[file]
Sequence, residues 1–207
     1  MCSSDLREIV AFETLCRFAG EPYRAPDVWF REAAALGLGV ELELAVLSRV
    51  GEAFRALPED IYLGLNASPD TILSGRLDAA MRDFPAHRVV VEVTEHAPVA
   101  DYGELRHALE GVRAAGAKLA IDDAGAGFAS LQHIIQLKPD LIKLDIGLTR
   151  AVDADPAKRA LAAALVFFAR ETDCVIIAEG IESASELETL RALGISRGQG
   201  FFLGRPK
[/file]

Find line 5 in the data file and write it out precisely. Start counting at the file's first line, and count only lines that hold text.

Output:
   151  AVDADPAKRA LAAALVFFAR ETDCVIIAEG IESASELETL RALGISRGQG